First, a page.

|WikiProject Home Living||(Rated Start-class, Low-importance)|
Can the inventor of the carport be verified - Elsewhere Walter Burley Griffin is listed as the inventor.
- Quoting from the Carport Intergrity Policy for the Arizona State Historic Preservation Office 
As early as 1909, carports were used by the Prairie School architect Walter Burley Griffin in his design for the Sloan House in Elmhurst, Illinois (Gebhard, 1991: 110). By 1913, carports were also being employed by other Prairie School architects such as the Minneapolis firm of Purcell, Feick & Elmslie in their design for a residence at Lockwood Lake, Wisconsin. In this instance, the carport was termed an “Auto Space” (Gebhard, 1991: 110). The late architectural historian David Gebhard suggested that the term “carport” originated from the feature’s use in 1930s Streamline Moderne residences (Gebhard, 1991: 107). This term, which entered popular jargon in 1939, stemmed from the visual connection between these streamlined residences and nautical imagery..... In the 1930s through the 1950s, carports were also being used by Frank Lloyd Wright in his Usonian Houses; an idea that he probably got from Griffin, a former associate.
This is from a Reference of Gebhard, David. “The Suburban House and the Automobile.” The Car and the City: The Automobile, the Built Environment and Daily Urban Life. Ann Arbor: University of Michigan Press, 1991: 106 123. David Gebhard was the author of numerous volumes on the architects and architecture of California. He was the founder and curator of the renowned architectural drawing collection at UCSB.  So according to this information Walter Burley Griffin was the first known to include the use of the carport in housing design. Boylo 06:57, 28 May 2007 (UTC)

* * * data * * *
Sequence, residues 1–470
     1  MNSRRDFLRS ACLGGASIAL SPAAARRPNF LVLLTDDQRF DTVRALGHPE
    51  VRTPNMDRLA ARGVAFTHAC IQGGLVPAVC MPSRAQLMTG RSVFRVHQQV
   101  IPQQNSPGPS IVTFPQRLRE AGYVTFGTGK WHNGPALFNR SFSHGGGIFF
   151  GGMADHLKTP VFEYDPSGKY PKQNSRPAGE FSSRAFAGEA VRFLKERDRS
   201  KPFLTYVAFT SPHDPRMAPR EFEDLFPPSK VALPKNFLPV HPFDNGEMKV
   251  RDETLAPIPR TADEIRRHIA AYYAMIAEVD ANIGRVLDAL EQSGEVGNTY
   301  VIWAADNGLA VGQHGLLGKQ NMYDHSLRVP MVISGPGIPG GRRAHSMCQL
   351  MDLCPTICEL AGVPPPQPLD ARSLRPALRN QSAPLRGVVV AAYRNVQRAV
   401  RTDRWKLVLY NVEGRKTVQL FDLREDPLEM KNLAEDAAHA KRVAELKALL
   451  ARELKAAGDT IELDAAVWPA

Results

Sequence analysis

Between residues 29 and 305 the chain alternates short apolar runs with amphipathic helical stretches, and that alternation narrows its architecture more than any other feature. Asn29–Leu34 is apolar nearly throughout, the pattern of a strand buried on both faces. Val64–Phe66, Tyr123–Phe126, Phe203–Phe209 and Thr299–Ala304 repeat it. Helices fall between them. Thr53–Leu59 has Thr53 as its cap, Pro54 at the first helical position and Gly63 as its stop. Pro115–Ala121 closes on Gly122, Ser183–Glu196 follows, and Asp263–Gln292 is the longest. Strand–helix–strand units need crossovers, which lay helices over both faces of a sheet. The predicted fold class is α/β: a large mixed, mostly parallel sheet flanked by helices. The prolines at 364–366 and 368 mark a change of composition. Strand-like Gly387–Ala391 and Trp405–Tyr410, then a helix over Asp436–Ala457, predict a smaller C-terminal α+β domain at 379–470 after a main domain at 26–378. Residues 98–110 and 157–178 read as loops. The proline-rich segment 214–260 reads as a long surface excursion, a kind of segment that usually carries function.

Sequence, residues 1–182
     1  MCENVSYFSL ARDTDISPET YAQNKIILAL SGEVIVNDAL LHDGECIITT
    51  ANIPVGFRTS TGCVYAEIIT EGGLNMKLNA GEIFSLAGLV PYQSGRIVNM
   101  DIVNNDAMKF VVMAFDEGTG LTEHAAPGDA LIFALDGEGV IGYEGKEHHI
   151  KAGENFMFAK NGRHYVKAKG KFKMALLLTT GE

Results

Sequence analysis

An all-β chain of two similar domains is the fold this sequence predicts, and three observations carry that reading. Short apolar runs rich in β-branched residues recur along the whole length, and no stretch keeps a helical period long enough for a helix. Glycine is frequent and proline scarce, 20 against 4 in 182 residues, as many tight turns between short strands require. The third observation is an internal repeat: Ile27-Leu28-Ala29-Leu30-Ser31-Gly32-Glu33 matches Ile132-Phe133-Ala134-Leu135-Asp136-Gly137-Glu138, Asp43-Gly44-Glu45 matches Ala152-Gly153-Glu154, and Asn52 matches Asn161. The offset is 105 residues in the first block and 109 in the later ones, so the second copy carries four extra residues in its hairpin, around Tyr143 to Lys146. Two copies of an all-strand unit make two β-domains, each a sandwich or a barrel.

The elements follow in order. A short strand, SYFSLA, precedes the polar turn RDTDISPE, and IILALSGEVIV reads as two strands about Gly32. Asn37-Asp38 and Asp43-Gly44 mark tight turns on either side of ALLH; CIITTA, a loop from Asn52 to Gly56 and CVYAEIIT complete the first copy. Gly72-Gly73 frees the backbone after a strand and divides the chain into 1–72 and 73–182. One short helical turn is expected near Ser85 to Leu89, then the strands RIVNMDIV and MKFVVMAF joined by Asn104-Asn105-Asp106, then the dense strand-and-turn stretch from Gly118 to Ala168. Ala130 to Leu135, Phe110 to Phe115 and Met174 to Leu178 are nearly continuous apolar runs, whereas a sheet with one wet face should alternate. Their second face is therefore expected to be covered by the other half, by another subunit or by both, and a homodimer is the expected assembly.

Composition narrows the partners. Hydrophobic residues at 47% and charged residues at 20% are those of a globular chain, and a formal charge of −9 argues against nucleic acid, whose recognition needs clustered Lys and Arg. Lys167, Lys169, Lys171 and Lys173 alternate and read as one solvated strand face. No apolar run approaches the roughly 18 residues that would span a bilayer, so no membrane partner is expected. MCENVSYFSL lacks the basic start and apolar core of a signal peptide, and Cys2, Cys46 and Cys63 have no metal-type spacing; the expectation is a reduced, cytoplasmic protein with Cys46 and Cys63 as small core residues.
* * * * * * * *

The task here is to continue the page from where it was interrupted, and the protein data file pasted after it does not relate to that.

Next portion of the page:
Might be nice to note the geographic extent of carports vs. garages. You won't find as many carports in the northern states as you will garages, in fact they are generally very hard to find. Even in Madison, WI referenced in Wright's quote. But I'm not sure whether this necessarily has to do with climate, I remember a higher ratio of carports to garages in one neighborhood of Chicago, which also has some notorious winter weather. This may have to do with the houses being from the post-war building boom when people needed them quick and cheap. But I also remember seeing a lot of garages while driving through the Las Vegas area. 184.108.40.206 (talk) 22:22, 16 February 2008 (UTC)
- Another key factor in the choice between open (carport) and closed (garage) car storage is the risk of damage (by people or animals) to cars in a given area. If there is a perceived tendency that cars in carports will be damaged by random vandalism or chewed on by local wildlife, closed garages will be more widespread. Also, local building codes and regulations may favor one choice over the other regardless of their practicality (for example one place may limit the number of indoor square feet as a percentage of the size of the land it stands on, thus favoring outdoor carports, while another place may limit the number of buildings per land lot, thus favoring garages that are part of the house itself). Jbohmdk (talk) 08:31, 15 November 2014 (UTC)